Are you curious about how museums are organized and operate, how they care for and interpret their collections, how they serve their audiences, and what issues they face in satisfying their diverse responsibilities?
Are you interested in a career in museum work? Or would you like to increase your potential for advancement in the field of museum work?
Do you have at least a bachelor's degree that would be strengthened by additional training in the field of museum studies?
If you can answer "yes" to any of these questions, the Museum Studies Graduate Certificate Program is for you.
This graduate certificate explores fundamental aspects of museum work.
It can provide you with the skills and knowledge that are the basis for many aspects of museum work, including: museum management, collection care and maintenance, exhibition and educational program development, and use of technology in museums.
It is an integrated program of study combining classroom instruction with internship opportunities for direct on-the-job experiences.
12 credit hours of study are required. Students should expect to complete the certificate over a one- to two-year period. The certificate program may be pursued as a stand-alone program or may be earned in conjunction with existing graduate degree programs.
Certificate Program Curriculum
The curriculum of this multidisciplinary certificate program is designed to supply students with a balance of the practical and theoretical information needed to work in the museum world.
It consists of four classes: one (1) internship + any three (3) courses from the available electives in “intellectual history” seminars and “practical” seminars, totaling 12 credits.
“Intellectual History” Seminars:
Art of Collecting 23-ARTH-8098 (3 gr. cr.)
The purpose of this class is to study the art and history of collecting art, and other cultural material, by individuals and institutions. We will address the development of art, science, natural history, and history museums in the world, especially in the U.S. We will study patterns of intention and behavior among the great art and object collectors/philanthropists in the West and the ways in which their collections are seen and perceived by the public. This will involve an analysis of the politics of exhibition, ethics in acquiring items from other cultures, and social responsibility.
Colonialism, Postcolonialism, Globalism, and Exhibition 23-ARTH-8005 (3 gr. cr.)
A seminar dealing with contemporary postcolonial theory and criticism in relation to the history of exhibitions of the 19th and 20th centuries, spanning the spectacular display of so-called primitive arts and peoples to contemporary state-sponsored biennials, which continue to proliferate, and which have created a crisis, according to which artists and critics are required to trace and mime the tourism and globalization criticized by so much contemporary art.
Critical History of Museums and Curating 23-FAA-8004 (3 gr. cr.)
This course considers the history of museums and collecting practices from the ancient Alexandrian and Pergamon libraries through to Renaissance curiosity cabinets and the founding of the Paris Louvre and London National Gallery. A study of the context for the inauguration of the Detroit Institute of Arts and the Cincinnati Art Museum provide an introduction to the American museum world. The second part of this course evaluates contemporary curatorial practices from International biennials to artist-run spaces. The course is built around readings and presentations in each of these subjects and incorporates study visits to local institutions.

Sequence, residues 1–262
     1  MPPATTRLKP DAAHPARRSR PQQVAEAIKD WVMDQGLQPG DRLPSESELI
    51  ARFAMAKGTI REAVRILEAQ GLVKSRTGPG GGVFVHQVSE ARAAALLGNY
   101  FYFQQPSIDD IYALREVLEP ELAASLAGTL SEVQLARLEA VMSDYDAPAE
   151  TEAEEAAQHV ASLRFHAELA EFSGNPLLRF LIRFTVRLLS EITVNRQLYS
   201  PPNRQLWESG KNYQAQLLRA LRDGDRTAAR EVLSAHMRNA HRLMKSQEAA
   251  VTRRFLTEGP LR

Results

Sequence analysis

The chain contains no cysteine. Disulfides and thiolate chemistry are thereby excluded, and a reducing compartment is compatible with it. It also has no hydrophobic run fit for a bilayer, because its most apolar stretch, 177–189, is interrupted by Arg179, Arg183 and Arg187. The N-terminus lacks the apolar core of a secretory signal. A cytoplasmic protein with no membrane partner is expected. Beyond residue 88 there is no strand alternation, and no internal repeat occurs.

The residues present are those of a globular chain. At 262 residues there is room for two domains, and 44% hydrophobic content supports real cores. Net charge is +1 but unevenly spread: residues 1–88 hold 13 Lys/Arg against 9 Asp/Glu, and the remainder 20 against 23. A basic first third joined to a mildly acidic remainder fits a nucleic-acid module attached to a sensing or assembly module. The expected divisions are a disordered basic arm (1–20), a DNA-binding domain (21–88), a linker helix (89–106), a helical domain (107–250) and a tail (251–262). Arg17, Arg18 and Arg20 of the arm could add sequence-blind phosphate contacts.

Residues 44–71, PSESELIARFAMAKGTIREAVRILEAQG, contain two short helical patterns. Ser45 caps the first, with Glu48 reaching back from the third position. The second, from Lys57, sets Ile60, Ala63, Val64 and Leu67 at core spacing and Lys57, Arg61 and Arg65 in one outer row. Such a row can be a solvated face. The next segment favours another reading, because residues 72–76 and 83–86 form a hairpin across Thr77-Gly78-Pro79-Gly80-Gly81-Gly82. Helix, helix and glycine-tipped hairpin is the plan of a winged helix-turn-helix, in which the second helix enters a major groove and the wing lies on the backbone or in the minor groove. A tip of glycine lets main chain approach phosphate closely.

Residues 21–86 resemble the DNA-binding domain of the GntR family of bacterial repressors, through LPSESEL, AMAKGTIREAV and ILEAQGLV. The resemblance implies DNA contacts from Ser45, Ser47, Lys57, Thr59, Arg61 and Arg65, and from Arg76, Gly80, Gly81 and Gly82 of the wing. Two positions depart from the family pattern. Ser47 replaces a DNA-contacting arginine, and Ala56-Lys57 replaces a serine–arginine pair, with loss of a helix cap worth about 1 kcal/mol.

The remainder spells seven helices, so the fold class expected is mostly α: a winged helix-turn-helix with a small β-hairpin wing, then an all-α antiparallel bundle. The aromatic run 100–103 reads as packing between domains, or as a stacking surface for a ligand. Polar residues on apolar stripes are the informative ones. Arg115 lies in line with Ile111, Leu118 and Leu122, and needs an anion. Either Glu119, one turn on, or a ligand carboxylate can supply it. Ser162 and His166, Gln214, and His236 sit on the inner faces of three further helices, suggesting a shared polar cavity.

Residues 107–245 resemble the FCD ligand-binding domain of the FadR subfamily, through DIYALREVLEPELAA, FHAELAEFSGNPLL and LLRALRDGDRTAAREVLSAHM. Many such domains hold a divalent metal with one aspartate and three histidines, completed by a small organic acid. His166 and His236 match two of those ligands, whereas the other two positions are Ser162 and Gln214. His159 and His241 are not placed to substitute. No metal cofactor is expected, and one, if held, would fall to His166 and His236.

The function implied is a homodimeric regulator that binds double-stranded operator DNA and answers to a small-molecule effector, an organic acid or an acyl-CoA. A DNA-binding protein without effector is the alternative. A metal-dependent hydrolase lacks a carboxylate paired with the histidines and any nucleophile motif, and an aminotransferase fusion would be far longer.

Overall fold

Dissolving the White Cube 23-ARTH-8007 (3 gr. cr.)
A course on the history of contemporary curating following the transformation of the gallery from a "white cube," stemming from the debates in the 1960s, into the forms of current post-studio practices around the world.
History of Exhibitions 23-ARTH-8056 (3 gr. cr.)
The course provides a historical survey of art exhibitions and exhibition practices with a focus on interconnections between exhibitions, issues of visual presentation, and artists’ practices. It explores transformations in the organizations, framing, and presentations from the 18th Century through today, focusing primarily on exhibitions outside of North America since 1945.
Topical Graduate Seminars 1 and 2 in Museum Studies 23-ARTH-8011 and 23-ARTH-8012 (3 gr. cr.)
Special topics seminars deal with topics in Museum Studies to supplement study areas offered in the other graduate seminars in Museum Studies. Topics are chosen by faculty members with regard to their availability and interests.
Introduction to Museum Management 23-ARTH-6014 (3 gr. cr., also available for 3 undergr. cr.)
This course provides an overview of topics in Museum Management and Collections Management, with emphasis on standard organizational structure and administrative practices of collecting museums, including procedures for collections conservation, registration, exhibition and interpretation.
Exhibition Planning and Design 23-ARTH-8008 (3 gr. cr.)
Study of the exhibition planning and design processes, including label writing, design and display methods, lighting, publications, public programming, and outreach. Special consideration will be given to the challenges museums face in presenting material from other cultures, as well as other ethical issues facing curators and other museum personnel. The course will also explore the challenges of funding and grant-writing in order to stage exhibitions.
Museum Education 23-ARTH-8009 (4 gr. cr.)
A comprehensive study of developments in museum educational initiatives of the last 30 years with a particular emphasis on recent attempts by museums to expand their reach into more diverse ethnic and economic communities. The course will evaluate the effectiveness of technology applied in museum education, and consider the role of museums in the education of the local community.